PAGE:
Writing an own string class

Discussion in 'C++' started by Tony Winslow, Jul 5, 2008.

  1. Tony Winslow

    Tony Winslow Guest

    Hi, there!

    Some users of this group mentioned before that
    being able to write one's own string class in
    C++ is a sign of mastering the basics of the
    language. My problem is that I don't quite
    understand how does that work. I mean writing a
    string class is not very hard, but how can I
    determine the string class is working properly
    enough or even efficient enough? What is the
    benchmark thing that I can use?

    Tony Winslow
     
    Tony Winslow, Jul 5, 2008
    #1
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  2. On 2008-07-05 17:28, Tony Winslow wrote:
    > Hi, there!
    >
    > Some users of this group mentioned before that
    > being able to write one's own string class in
    > C++ is a sign of mastering the basics of the
    > language. My problem is that I don't quite
    > understand how does that work. I mean writing a
    > string class is not very hard, but how can I
    > determine the string class is working properly
    > enough or even efficient enough? What is the
    > benchmark thing that I can use?


    The requirements on strings are not universally agreed upon, different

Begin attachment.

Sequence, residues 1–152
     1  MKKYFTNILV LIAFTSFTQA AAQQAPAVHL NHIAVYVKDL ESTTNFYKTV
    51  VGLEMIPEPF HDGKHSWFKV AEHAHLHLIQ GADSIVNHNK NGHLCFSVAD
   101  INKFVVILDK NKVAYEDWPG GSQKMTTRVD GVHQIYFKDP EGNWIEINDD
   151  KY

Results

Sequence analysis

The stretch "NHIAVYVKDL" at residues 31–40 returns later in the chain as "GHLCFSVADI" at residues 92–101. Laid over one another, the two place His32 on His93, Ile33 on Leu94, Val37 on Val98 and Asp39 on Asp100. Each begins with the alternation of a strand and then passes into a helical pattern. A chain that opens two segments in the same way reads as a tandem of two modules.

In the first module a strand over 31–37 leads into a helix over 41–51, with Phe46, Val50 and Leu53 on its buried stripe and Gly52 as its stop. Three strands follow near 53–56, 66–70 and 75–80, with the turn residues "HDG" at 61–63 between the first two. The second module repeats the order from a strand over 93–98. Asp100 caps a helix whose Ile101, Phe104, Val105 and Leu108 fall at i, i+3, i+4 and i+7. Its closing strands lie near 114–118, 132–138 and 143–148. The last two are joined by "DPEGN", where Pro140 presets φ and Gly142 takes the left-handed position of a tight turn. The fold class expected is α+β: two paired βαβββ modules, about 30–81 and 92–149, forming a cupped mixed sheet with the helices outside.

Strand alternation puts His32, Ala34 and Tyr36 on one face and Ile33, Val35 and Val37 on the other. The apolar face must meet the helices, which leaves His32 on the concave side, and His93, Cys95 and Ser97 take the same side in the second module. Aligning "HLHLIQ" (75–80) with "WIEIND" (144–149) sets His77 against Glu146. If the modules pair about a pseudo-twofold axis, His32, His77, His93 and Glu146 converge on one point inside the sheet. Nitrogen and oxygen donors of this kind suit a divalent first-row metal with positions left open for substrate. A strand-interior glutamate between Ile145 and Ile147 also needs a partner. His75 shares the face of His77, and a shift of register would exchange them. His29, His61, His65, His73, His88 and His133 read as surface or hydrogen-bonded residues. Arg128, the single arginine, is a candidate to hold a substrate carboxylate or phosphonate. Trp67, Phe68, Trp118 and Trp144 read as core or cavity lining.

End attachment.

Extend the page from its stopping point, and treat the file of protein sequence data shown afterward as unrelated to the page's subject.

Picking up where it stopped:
people have different requirements. If you can not come up with the
    requirements yourself you can look at some existing implementations
    (like std::string, QString, etc.). The same goes for performance, find
    an implementation with similar functionality to yours and devise some
    benchmarks to compare them, or look up some existing benchmarks.

    --
    Erik Wikström
     
    Erik Wikström, Jul 5, 2008
    #2
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  3. Tony Winslow

    osmium Guest

    "Tony Winslow" writes:

    > Some users of this group mentioned before that
    > being able to write one's own string class in
    > C++ is a sign of mastering the basics of the
    > language. My problem is that I don't quite
    > understand how does that work. I mean writing a
    > string class is not very hard, but how can I
    > determine the string class is working properly
    > enough or even efficient enough? What is the
    > benchmark thing that I can use?


    You write your own tests as you go along, starting with the fundamentals and
    eventually testing for all the corner cases you can think of. Then release
    it to the wild Off the top of my head, and probably with errors something
    like this:

    Your string class is String. '+' is concatenate. Include a show() function
    in as a test device.

    String S s("abc");
    s.show();
    ----
    String S t();
    t.show();
    ----
    modifies x
    void f(&S x) { }
    ....
    String S u("abc");
    u.show();
    ----
    String S d("abc", e("def");
    d = e + d;
    d.show();
    ---
    String S a("abc"), b, c;

    c = b= a;
    ____
    Something with arrays of strings. Vectors of strings. Prove it is STL
    friendly by sorting your strings. And so on.
     
    osmium, Jul 5, 2008
    #3
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